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        An LC-MS/MS method for stable isotope dilution studies of γ-carotene bioefficacy and vitamin A status in humans
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        An LC-MS/MS method for stable isotope dilution studies of γ-carotene bioefficacy and vitamin A status in humans
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        An LC-MS/MS method for stable isotope dilution studies of γ-carotene bioefficacy and vitamin A status in humans
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Isotope dilution is currently the most accurate technique in humans to determine vitamin A status and bioavailability/bioconversion of provitamin A carotenoids( 1 ). However, limits of MS detection, coupled with extensive isolation procedures, have hindered investigations of physiologically-relevant doses of stable isotopes( 2 ). We developed a sensitive liquid chromatography-tandem-mass spectrometry (LC-MS/MS) analytical method to study the plasma response from co-administered oral doses of 2 mg [13C10]-β-carotene and 1 mg [13C10]-retinyl acetate in human subjects. A single one-phase solvent extraction, with no saponification or purification steps, left retinyl esters intact for determination of intestinally-derived retinol in chylomicrons versus retinol from the liver bound to retinol-binding protein (RBP).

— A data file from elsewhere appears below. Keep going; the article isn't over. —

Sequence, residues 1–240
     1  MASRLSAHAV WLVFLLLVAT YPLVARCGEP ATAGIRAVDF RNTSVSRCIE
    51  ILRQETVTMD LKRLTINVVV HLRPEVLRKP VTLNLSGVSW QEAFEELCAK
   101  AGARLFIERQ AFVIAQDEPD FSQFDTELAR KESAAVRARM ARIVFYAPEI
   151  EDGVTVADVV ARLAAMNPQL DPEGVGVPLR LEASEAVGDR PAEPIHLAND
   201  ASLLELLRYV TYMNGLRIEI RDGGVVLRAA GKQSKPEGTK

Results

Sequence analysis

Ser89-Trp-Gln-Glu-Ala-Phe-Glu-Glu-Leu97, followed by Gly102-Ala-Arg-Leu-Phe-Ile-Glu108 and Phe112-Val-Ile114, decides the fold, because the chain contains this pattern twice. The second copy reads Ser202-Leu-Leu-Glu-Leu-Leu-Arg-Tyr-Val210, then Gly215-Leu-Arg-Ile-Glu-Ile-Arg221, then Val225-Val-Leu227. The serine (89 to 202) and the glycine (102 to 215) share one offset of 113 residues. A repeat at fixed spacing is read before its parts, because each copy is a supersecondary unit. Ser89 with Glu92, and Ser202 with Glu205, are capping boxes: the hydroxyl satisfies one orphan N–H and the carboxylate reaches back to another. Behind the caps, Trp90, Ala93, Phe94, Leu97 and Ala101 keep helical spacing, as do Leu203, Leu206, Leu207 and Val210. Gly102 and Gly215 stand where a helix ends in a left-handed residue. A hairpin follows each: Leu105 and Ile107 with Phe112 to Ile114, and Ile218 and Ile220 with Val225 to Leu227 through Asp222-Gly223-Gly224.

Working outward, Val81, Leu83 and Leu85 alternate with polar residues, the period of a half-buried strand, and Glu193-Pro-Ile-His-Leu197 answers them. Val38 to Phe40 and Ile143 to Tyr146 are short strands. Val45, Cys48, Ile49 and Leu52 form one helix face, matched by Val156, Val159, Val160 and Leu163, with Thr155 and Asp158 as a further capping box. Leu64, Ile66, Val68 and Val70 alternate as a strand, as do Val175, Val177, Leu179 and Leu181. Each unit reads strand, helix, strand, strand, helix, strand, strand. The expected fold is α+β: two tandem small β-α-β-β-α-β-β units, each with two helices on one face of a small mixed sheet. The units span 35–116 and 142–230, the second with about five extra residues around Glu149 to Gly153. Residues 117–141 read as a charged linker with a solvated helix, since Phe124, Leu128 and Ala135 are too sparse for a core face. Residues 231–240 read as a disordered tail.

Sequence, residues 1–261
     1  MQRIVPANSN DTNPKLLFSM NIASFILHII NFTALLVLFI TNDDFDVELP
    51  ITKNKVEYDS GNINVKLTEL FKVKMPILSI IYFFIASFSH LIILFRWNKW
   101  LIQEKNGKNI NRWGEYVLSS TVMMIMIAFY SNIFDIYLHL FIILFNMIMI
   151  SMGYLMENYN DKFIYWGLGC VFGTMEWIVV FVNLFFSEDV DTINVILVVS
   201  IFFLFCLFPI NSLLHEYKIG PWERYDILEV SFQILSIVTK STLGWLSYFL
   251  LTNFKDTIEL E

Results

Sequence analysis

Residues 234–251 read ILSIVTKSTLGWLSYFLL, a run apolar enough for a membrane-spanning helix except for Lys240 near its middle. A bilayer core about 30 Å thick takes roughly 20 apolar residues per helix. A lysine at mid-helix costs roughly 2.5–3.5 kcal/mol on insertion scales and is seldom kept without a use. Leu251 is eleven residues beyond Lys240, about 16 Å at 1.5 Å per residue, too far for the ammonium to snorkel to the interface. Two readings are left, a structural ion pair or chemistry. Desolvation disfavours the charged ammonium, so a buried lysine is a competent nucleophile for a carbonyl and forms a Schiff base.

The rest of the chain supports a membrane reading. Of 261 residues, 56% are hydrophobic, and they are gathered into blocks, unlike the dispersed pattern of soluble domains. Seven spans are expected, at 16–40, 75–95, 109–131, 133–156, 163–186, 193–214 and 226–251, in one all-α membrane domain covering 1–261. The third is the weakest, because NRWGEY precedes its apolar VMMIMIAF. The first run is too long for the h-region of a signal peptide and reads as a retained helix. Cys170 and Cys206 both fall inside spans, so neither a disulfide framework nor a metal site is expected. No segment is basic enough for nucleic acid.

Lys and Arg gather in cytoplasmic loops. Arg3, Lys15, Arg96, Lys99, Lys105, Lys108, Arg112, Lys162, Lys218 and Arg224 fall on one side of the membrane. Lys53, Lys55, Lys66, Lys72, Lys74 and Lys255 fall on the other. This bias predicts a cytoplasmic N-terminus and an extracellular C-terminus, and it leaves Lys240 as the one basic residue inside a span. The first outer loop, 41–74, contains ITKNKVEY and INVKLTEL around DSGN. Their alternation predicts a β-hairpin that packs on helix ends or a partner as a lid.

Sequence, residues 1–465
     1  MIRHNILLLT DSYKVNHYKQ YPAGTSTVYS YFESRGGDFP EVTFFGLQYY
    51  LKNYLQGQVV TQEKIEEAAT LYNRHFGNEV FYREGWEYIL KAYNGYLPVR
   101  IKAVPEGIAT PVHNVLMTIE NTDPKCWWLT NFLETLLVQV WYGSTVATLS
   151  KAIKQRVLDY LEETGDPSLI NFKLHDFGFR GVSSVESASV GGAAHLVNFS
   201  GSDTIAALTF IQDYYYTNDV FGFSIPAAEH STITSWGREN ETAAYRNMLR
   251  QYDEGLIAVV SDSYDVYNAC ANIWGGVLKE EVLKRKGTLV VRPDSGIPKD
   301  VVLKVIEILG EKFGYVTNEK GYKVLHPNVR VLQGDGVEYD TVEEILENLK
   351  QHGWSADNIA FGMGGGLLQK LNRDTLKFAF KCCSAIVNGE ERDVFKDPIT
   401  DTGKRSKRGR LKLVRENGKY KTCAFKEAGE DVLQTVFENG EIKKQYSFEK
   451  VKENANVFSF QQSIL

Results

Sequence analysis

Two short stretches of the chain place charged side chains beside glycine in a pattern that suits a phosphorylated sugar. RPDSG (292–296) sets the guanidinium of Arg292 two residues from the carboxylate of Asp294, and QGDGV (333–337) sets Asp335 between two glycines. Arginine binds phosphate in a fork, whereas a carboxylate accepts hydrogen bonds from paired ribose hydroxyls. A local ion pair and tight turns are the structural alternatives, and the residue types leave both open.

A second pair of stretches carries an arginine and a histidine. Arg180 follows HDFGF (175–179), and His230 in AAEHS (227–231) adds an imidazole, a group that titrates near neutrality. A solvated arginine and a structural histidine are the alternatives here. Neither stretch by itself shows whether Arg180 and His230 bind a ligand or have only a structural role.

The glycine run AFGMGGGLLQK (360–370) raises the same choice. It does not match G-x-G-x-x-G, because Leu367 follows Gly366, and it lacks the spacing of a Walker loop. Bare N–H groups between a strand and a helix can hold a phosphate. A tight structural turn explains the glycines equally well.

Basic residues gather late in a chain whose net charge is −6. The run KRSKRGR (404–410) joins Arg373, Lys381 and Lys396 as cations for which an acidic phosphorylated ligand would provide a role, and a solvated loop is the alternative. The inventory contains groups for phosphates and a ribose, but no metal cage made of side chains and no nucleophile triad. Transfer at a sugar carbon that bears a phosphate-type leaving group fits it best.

Fig. 1. Quantitative LC-MS/MS analysis of mean plasma responses from 45 human subjects (+/- sem) over the first 48 h (A, C) and whole 14 day study period (B). Administered [13C10]-β-carotene (βC) and resulting [13C5] cleavage products (RET, retinol; RL, retinyl linoleate; RPO, retinyl palmitate+oleate; RS, retinyl stearate) are shown in A, B, and C.

Co-administration of [13C10]-retinyl acetate with [13C10]-β-carotene not only acts as a reference dose for inter-individual variations in absorption and chylomicron clearance rates, but also allows for simultaneous determination of an individual's vitamin A status. In summary, this new analytical method enables the detection of physiological concentrations of provitamin A carotenoids, their cleavage products as well as preformed vitamin A for a period of at least 2 weeks post dose administration and allows high throughput analysis due to its simplicity and short run times.

This work was supported by the BBSRC.

1. Furr, HC, Green, MH, Haskell, M et al. (2005) Public Health Nutrition 8(6), 596607.
2. van Lieshout, M, West, CE and van Breemen, RB (2003) Am J Clin Nutr 77(1), 1228.